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DENVER (KDVR) — Despite the trend of surging COVID-19 cases in specific Colorado counties, two of Colorado’s busiest hospitals are seeing single digit cases in the Intensive Care Unit (ICU) as summer starts.

On Saturday, Gov. Polis extended the state of disaster emergency for an extra month, saying “the three-day moving average for cases is now going up in our state.”

“We don’t know what’s gonna happen in the future, and I think that’s creating a little stress in people,” said Director of Critical Care at UCHealth University of Colorado Hospital Dr. Marc Moss.

Moss says during the peak, their hospital was taking care of more than 140 COVID-19 patients. That number is now less than 10.

Over the past week, health departments have sounded the alarm in Boulder County, Eagle County and the San Luis Valley, as they started to see a surge in cases.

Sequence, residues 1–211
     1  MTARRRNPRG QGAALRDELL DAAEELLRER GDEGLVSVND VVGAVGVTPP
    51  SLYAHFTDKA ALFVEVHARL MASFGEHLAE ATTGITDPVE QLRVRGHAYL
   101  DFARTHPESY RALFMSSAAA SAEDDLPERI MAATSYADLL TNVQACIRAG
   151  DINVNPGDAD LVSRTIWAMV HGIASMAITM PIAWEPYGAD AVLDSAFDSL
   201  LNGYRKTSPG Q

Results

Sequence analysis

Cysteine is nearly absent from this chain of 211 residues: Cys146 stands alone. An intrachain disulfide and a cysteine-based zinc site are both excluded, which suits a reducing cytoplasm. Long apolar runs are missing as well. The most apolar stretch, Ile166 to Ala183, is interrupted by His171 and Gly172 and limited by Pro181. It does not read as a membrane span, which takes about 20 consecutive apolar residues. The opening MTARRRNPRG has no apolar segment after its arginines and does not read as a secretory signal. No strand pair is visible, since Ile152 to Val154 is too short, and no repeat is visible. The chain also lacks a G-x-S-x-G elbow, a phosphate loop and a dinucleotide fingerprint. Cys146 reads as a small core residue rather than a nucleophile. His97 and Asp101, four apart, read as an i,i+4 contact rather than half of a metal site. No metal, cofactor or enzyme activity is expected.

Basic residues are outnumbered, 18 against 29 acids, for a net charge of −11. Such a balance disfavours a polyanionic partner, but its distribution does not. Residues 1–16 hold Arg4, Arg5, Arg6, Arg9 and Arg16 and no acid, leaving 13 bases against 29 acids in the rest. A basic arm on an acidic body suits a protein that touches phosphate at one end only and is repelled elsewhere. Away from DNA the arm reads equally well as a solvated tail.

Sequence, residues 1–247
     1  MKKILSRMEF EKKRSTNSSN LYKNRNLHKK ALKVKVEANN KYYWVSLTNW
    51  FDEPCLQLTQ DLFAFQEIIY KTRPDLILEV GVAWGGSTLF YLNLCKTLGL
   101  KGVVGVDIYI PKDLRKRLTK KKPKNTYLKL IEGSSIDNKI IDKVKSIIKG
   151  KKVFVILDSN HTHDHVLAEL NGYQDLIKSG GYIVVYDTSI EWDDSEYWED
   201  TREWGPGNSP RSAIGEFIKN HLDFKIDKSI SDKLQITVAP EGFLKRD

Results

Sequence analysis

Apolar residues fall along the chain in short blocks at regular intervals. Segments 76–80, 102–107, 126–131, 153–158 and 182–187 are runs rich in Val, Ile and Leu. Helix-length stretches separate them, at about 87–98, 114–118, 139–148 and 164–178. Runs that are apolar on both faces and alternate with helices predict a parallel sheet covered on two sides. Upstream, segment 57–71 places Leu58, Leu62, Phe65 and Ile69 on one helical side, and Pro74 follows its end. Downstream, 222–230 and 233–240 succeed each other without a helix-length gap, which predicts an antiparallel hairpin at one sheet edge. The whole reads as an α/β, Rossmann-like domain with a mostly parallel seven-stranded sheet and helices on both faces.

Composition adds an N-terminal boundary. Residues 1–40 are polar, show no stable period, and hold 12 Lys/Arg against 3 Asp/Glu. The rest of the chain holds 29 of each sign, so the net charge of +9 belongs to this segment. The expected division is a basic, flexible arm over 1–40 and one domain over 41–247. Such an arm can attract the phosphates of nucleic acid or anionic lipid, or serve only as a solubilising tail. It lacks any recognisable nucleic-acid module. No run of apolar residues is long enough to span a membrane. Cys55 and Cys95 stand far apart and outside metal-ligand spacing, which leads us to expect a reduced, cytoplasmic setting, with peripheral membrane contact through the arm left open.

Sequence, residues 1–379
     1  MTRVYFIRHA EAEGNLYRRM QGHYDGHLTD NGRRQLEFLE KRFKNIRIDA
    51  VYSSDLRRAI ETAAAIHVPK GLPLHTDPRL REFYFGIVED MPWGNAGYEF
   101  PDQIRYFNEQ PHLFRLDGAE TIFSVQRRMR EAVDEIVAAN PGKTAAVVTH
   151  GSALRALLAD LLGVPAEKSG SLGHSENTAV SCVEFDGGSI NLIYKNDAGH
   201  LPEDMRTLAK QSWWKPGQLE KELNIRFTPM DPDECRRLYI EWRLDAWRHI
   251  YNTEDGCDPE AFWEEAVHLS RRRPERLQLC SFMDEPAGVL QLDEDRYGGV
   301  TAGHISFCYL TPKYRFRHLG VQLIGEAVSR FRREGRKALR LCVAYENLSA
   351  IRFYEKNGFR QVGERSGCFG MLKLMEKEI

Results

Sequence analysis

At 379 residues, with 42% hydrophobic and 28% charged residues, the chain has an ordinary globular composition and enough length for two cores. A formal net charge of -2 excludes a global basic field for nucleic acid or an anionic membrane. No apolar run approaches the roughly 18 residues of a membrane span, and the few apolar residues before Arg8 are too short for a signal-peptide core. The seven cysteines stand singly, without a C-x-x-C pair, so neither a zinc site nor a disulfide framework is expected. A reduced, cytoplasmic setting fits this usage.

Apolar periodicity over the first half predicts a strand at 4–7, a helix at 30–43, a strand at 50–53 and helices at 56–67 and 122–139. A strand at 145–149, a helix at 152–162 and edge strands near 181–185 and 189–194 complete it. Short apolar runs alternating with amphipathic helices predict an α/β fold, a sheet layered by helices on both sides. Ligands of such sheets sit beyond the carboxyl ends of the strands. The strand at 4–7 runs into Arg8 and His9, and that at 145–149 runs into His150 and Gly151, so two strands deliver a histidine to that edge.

“Not always wearing masks, not always maintaining the physical distancing, it does not surprise me that we’re seeing an increased number of cases,” Moss said. “People are following the numbers of how many positive tests there are, and I think maybe a better number to follow is how many people have been hospitalized, because that’s really what matters.”

Moss says there is anxiety about a potential second wave in the healthcare profession, but acknowledges they are more confident with their knowledge of the virus. One of his main concerns is morale among nurses and doctors on the front line.

“Some people feel we might be in the eye of the hurricane, we went through a thing, now it’s calm, but who knows if we have to go through the other side of the hurricane,” Moss said. ”We’re still doing our jobs but I think it’s not getting as much recognition and to gear up again and to go through the battle again is going to be I think even more difficult, so I worry about the psychological distress on our health care professionals.”

A spokesperson for Denver Health tells the Problem Solvers they have less than half a dozen COVID-19 patients in the ICU right now. They are currently at their lowest census for hospital admissions, despite their own testing being up.